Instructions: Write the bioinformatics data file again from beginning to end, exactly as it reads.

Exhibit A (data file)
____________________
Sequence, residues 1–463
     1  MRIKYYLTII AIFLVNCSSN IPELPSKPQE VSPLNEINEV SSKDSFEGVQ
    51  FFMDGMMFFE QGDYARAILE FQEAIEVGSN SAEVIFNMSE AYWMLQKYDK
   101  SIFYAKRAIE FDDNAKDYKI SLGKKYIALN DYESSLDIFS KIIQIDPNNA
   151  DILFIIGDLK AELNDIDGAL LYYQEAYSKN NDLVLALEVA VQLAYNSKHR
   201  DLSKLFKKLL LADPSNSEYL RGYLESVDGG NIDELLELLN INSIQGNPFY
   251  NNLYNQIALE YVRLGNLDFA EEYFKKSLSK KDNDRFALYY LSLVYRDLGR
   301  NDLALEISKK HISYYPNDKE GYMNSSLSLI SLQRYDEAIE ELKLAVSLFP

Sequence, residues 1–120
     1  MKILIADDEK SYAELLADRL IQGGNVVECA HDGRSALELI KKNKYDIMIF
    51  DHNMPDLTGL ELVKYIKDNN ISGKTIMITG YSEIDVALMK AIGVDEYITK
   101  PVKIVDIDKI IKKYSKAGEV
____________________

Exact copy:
Sequence, residues 1–463
     1  MRIKYYLTII AIFLVNCSSN IPELPSKPQE VSPLNEINEV SSKDSFEGVQ
    51  FFMDGMMFFE QGDYARAILE FQEAIEVGSN SAEVIFNMSE AYWMLQKYDK
   101  SIFYAKRAIE FDDNAKDYKI SLGKKYIALN DYESSLDIFS KIIQIDPNNA
   151  DILFIIGDLK AELNDIDGAL LYYQEAYSKN NDLVLALEVA VQLAYNSKHR
   201  DLSKLFKKLL LADPSNSEYL RGYLESVDGG NIDELLELLN INSIQGNPFY
   251  NNLYNQIALE YVRLGNLDFA EEYFKKSLSK KDNDRFALYY LSLVYRDLGR
   301  NDLALEISKK HISYYPNDKE GYMNSSLSLI SLQRYDEAIE ELKLAVSLFP

Sequence, residues 1–120
     1  MKILIADDEK SYAELLADRL IQGGNVVECA HDGRSALELI KKNKYDIMIF
    51  DHNMPDLTGL ELVKYIKDNN ISGKTIMITG YSEIDVALMK AIGVDEYITK
   101  PVKIVDIDKI IKKYSKAGEV